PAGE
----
the other main thing to remember when looking at stats and pieces like the OP supplied - is that the most important thing for the Chinese government is its own survival -everything else is subservient to this and if this means the establishment of a totalitarian police state where any type of social or political activity that has not been approved or promoted by the Imperial court in Bejing is closely monitored and normally ended with a bullet in the back of the head for which your family will be billed - so be it.

    So , if General De Gaulle once said of France " how do you unify and run a country that has 375 different cheeses" - how the hell do you control a country the size of China with over 40 different ethnic groups and over 100 different dialects and languages - with great difficulty - the overriding fear of the ruling elite is public disorder and riots getting out of control and chaos and anarchy taking over - the way all previous dynasties have fallen in China. So to counteract this, they rely on the overwhelming force of the police and the PLA enforcing the" laws" and wishes of the elites which can change from day to day - brilliant tactics for keeping everybody on their toes, constant brainwashing - now in the form of militant nationalism and ensuring that the masses have enough to eat and be amused and be ready for the 14 hour shift the next day.

    Thus - all economic statistics issued by China should be taken with a massive grain of salt - they cannot be stood over - they are normally out of date and made up (Imagine you are a provincial governor - if you have to make certain numbers to make the central authorities happy - well are you going to disappoint them and risk going the way of that last individual to be honest such things - well?) - imagine this replicated by millions of officials all over China and you start to get the picture of how totally untrustworthy the whole system is. Also the fact that the central government really hasn't a clue what is going on in most of the provinces and relies on them to collect taxes gives the local officials tremendous power to extort and make up their own laws on the ground - as long as they don't overstep the mark and piss off anybody in Bejing - they are free to do what they want - you will find that the vast vast majority of "private enterprise" in China has been set up by former or serving members of the security forces and their families and children - there is no such thing as private property - they do and die at the pleasure of the politburo -what was yours today might be gone tomorrow.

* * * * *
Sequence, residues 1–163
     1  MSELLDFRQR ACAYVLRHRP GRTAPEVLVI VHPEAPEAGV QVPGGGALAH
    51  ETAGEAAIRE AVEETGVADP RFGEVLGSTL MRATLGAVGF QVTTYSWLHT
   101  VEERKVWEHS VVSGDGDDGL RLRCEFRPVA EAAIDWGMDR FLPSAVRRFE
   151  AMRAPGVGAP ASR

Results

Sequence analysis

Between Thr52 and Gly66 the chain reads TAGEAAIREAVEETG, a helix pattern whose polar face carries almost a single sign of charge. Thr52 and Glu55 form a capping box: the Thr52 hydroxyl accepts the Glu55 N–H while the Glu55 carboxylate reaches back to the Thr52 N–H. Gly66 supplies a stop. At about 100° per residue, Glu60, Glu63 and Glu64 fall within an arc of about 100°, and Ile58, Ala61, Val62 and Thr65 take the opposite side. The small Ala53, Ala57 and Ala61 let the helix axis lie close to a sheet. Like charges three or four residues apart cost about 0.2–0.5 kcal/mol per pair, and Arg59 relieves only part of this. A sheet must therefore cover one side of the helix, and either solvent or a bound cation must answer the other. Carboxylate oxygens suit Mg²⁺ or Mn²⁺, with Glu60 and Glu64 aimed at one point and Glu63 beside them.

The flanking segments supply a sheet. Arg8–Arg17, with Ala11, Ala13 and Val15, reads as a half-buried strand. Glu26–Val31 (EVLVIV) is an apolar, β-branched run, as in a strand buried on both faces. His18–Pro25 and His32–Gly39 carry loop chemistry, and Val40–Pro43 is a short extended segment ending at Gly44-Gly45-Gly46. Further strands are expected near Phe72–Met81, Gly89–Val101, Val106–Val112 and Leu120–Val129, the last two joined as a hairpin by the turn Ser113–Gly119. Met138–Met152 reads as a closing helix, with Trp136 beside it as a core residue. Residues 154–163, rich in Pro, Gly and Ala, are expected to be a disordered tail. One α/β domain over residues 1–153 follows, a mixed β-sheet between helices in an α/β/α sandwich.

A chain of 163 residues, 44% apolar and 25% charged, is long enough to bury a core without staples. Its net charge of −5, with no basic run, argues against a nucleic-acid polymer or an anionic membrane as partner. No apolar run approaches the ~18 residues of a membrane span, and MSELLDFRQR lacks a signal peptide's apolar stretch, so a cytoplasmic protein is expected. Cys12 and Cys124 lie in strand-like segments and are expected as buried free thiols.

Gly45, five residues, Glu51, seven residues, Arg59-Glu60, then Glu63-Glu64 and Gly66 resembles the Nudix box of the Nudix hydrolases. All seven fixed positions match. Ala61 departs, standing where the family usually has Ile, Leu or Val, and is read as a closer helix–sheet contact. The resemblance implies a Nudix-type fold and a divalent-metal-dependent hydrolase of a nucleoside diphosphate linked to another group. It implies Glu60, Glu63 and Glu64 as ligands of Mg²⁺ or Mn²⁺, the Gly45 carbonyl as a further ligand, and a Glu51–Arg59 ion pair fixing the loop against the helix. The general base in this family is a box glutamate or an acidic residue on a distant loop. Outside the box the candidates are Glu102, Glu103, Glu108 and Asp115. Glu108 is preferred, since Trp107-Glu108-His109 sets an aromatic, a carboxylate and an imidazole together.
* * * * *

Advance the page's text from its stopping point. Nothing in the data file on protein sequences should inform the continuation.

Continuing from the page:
Now look at the banking system - before the 2007 meltdown in Wall street and the whole credit game here in the West - for many it was only a matter of time of before the Chinese banking system finally collapsed in a sea of bad loans and that this would trigger a global collapse - it hasn't yet - purely because nobody has a clue of the state of the Chinese banking industry - its all state controlled and lids are kept firmly closed - and the trillions of foreign currency units are keeping it alive on the surface and putting off the day of reckoning - because you will only go bankrupt in China if the state turns against you. Guanxi or who you know - is the most important factor in whether you will succeed in anything in China - if you piss off the leadership by reaching too high or they need a sacrificial lamb to show that they are serious about "corruption" (excuse me while I roll around the floor laughing) - unless you have good Guanxi - you're history mate. I would say that there are trillions of un-performing loans in the Chinese banking system - mostly made to the PLA ( that state within a state), other state industries and other nepotic enterprises - they are never going to be called in - I mean , are you going to call time on crazy loans given for property development to the son of the head of the Shanghai secret police? - yeah right you are.